Abu Hurayrah, may Allah be pleased with him, also reported that the Messenger of Allah, may Allah’s peace and blessing be upon him, said, “The first group (of people) to enter Jannah… their sweat will smell like musk; in their censers the aloes-wood will be used.” (Muslim, Bukhari)


Why is Oud perfume oil (Agarwood oil) expensive?

Low yield from plant material, typical and labour intensive process of extraction. These are all very few reasons of high costing of Oud perfume oil. For example, even when using a low grade of resinous wood for oil production, it normally requires a minimum of 20kg of agarwood to produce 12ml of oil.

Another reason of agarwood being expensive is a threat to becoming endangered. The most important resin-producing species of Aquilaria are A. agollocha, A. malaccensis and A. crassna. A. malaccensis is protected worldwide under the CITES (The Convention on International Trade in Endangered Species of Wild Fauna and Flora) convention as well as by the World Conservation Union, IUCN. A. crassna was listed as an endangered species few years back by the Vietnamese Government but is now listed as a protected species in Vietnam.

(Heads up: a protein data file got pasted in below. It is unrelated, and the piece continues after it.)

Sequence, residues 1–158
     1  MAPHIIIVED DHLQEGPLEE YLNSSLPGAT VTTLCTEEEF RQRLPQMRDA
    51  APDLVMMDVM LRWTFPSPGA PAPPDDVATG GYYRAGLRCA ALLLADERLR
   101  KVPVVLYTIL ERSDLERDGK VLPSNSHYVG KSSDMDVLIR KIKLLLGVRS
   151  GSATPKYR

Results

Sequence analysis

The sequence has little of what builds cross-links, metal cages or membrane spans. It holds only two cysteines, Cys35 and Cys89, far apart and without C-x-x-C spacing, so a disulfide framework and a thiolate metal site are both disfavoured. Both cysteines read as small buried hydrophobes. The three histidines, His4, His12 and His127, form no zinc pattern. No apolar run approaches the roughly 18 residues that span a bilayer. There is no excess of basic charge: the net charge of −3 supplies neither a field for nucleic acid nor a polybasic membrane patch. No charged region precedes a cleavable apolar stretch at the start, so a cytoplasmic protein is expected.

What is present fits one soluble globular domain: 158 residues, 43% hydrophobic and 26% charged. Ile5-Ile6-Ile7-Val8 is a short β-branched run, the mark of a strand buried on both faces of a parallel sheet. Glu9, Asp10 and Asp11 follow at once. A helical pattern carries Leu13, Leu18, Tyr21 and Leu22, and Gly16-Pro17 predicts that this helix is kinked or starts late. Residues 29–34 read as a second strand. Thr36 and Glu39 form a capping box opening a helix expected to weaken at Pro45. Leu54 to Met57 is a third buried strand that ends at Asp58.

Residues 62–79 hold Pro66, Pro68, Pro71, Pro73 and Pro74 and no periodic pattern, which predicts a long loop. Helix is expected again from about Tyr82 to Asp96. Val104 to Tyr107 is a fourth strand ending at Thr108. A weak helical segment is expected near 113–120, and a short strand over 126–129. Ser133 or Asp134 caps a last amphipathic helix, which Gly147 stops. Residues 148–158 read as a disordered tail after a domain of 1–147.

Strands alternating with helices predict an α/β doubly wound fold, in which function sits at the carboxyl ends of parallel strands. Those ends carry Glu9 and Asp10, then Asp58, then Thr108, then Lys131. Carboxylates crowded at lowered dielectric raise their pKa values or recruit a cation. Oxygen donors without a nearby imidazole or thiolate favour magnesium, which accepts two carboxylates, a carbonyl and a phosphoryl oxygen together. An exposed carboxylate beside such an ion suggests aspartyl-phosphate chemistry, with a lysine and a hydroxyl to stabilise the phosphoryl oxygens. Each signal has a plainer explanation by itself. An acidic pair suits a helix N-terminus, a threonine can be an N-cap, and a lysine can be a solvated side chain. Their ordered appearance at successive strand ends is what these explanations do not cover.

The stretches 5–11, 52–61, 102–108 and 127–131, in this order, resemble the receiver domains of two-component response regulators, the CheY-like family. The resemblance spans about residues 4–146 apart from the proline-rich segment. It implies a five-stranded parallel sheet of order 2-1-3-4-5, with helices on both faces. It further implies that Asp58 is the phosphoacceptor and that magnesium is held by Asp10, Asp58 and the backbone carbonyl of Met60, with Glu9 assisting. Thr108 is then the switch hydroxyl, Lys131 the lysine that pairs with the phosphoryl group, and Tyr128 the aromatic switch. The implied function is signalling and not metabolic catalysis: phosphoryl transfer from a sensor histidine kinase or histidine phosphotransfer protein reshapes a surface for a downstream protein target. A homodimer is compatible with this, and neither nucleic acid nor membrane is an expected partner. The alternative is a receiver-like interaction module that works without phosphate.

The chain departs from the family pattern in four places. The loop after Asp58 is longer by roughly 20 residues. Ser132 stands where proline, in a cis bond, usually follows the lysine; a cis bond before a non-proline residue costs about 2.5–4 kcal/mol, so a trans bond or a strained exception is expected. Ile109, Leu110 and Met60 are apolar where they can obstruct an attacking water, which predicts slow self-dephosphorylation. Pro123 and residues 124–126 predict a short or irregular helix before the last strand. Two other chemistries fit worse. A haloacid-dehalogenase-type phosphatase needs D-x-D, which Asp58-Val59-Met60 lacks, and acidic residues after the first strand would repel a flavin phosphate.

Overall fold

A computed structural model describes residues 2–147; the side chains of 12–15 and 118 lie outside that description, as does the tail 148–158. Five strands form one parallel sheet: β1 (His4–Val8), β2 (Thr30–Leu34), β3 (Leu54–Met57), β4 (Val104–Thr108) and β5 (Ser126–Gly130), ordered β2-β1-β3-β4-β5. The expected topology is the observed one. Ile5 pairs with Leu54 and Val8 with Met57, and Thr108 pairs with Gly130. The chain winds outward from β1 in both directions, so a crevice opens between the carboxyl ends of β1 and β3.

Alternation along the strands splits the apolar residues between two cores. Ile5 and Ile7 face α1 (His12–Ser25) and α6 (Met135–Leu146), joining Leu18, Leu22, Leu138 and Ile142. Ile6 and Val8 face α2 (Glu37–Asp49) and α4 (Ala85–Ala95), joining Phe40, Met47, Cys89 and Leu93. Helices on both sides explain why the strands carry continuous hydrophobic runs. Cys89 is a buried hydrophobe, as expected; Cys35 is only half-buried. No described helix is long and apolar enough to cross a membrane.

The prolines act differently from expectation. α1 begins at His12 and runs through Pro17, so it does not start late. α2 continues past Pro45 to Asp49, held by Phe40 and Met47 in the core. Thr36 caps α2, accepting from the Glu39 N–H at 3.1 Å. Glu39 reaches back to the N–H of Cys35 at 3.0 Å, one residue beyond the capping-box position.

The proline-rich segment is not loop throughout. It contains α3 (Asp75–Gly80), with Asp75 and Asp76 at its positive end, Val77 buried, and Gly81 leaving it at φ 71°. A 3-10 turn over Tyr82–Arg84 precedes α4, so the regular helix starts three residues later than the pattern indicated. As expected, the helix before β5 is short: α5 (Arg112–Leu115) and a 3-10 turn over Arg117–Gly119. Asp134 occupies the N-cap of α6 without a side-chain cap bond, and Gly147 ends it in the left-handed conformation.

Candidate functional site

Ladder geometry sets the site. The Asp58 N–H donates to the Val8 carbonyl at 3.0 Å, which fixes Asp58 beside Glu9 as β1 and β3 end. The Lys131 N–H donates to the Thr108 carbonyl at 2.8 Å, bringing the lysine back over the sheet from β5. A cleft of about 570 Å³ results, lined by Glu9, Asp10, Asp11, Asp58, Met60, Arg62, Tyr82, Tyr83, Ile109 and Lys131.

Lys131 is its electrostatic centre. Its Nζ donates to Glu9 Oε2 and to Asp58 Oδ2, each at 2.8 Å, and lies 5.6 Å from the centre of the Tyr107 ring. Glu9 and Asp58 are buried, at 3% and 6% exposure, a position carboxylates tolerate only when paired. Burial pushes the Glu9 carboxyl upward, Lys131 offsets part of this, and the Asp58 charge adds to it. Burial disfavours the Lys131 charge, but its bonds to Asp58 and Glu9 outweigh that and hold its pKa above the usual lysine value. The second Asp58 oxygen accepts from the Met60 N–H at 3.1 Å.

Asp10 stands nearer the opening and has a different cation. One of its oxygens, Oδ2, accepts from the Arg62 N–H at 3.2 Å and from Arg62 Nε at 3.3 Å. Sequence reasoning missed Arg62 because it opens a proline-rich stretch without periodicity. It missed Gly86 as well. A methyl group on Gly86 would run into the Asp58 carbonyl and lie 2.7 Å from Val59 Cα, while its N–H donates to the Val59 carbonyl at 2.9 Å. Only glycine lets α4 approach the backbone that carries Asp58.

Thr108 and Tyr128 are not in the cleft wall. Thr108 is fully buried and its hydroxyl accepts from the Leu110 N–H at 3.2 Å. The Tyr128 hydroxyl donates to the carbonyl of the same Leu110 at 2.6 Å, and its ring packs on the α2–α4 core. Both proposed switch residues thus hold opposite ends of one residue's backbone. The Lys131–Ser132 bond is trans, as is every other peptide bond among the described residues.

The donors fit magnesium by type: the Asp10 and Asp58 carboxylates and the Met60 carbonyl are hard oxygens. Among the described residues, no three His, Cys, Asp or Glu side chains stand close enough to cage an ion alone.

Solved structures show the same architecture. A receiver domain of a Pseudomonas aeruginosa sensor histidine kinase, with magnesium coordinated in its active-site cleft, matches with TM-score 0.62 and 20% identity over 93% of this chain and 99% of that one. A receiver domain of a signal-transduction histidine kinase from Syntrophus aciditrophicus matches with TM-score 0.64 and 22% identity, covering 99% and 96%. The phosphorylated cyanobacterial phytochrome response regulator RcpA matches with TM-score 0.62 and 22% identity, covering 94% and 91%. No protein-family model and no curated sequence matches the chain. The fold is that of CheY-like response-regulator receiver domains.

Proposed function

There are three methods through which agarwood oil is distilled namely, hydro-distillation, steam distillation and super critical CO2 extraction. However, the most common methods of distillation are hydro-distillation and steam distillation. Another thing that has its mark on the distillation of the oil is the age of the tree. Older trees have a higher resin content and just like a wine, old resin gets better with age.

As with most things, the price you pay reflects the grade of Oud.

Synthetic Oud Perfume Oil